in reply to Re^4: [OT] On Validating Email Addresses
in thread On Validating Email Addresses

Sturgeon's Law
Derived from a quote by science fiction author Theodore Sturgeon, who once said, "Sure, 90% of science fiction is crud.

Sound's like a variation on Ratner's Gaff

Neither version is a particularly convincing argument.

That doesn't mean that every pervasive meme is correct, however.

Let's see, if I do a quantatative study of the people who claim "the earth is flat", or that "evolution never happened", or that "the earth is no more than 15,000 years old", they would all three likely come out with a single digit percentage for and a ninety something percent against.

Which should I believe?

On the other hand, when I hear and read a phrase that is used in

Do I:

  1. Fall in line and use the phrase in that manner that is widely used, accepted and understood by the many, at the risk of being sneared at by the few?
  2. Concern myself with the hypersensitivities of those few that choose to be offended by that "new usage", and cling tooth and nail to an archaic, idiomatic, and illogical interpretation, that is only 'understood' by some small percentage of the population, that claim their interpretation is "the one true meaning"?

Snear on. No contest.

Examine what is said, not who speaks.
Silence betokens consent.
Love the truth but pardon error.
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Re^6: [OT] On Validating Email Addresses
by macrobat (Beadle) on Jan 05, 2005 at 04:57 UTC
    I'm sorry, I really don't mean to be rude, but I've got to agree with the other fellow. Yes, he came off a little snippy, but your counterattack is even more pedantic and confrontational.

    Your list of people who misuse "beg the question" starts with the British Parliament and continues through the US Congress and the US House of Representatives. These are people who, in general, fit the description "pompous gas bags," people who use words to manipulate and mislead, with little regard for proper usage. That the NYT, the TLS, and the Guardian are on there is a little distressing, but I'm sure there are factions within those groups who still hold out for the proper meaning of the phrase.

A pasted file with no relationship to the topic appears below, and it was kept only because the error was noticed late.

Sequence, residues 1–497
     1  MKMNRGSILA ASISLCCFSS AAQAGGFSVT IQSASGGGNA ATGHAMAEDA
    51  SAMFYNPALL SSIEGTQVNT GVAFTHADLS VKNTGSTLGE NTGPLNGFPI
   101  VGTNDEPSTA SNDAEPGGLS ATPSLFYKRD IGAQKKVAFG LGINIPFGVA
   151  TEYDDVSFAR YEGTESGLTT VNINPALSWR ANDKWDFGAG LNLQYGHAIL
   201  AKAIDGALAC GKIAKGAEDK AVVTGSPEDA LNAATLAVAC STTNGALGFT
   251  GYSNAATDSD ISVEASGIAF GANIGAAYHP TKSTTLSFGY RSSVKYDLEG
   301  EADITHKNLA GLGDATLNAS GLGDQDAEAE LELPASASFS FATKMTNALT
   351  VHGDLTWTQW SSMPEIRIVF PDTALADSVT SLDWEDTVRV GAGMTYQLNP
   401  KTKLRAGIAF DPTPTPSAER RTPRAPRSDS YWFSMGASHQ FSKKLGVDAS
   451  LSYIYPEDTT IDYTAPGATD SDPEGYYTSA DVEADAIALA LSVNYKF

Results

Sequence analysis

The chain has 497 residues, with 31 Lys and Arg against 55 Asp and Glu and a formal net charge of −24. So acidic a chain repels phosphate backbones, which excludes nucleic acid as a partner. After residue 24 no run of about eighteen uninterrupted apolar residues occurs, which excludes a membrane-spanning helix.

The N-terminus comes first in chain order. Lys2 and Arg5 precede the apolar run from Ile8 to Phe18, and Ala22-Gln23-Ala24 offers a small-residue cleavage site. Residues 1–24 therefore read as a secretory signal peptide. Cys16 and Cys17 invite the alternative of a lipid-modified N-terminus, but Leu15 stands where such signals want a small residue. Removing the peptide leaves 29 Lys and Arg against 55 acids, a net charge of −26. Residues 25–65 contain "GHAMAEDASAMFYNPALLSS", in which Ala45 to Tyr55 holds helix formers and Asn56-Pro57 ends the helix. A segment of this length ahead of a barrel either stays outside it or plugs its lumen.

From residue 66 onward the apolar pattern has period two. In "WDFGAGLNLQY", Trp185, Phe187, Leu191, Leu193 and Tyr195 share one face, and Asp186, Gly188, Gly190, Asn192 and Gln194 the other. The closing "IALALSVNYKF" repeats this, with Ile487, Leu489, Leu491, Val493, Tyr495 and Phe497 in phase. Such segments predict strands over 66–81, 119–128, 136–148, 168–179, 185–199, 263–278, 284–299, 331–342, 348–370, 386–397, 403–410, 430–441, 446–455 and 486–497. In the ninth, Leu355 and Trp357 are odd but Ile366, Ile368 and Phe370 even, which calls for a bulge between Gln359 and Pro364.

Moreover, the rules should be a little stricter, perhaps a bit more conservative, for writing than for spoken words. Writing gives you the chance to stop and think, and to revise, so it's not unreasonable that the standards should be a little higher. It should resist casual change, if only because it lasts longer. So the "language evolves" argument (which sidesteps the realization that evolution often leads to dead ends), doesn't hold so well there.

    Besides, most people don't even say "beg the question"; more than once, when I've used it in casual conversation, I have had to explain it to someone, so it's not like a split infinitive (which was never wrong, anyhow) or a who/whom confusion. To claim popular support for the phrase is to beg the question, "what constitutes colloquial usage?"

    So in short, yes, it's bad to get uptight about the wrong usage; but it's even worse to get uptight about the right usage.

      You know, this whole argument "begs the question".


      Examine what is said, not who speaks -- Silence betokens consent -- Love the truth but pardon error.
      Lingua non convalesco, consenesco et abolesco. -- Rule 1 has a caveat! -- Who broke the cabal?
      "Science is about questioning the status quo. Questioning authority".
      In the absence of evidence, opinion is indistinguishable from prejudice.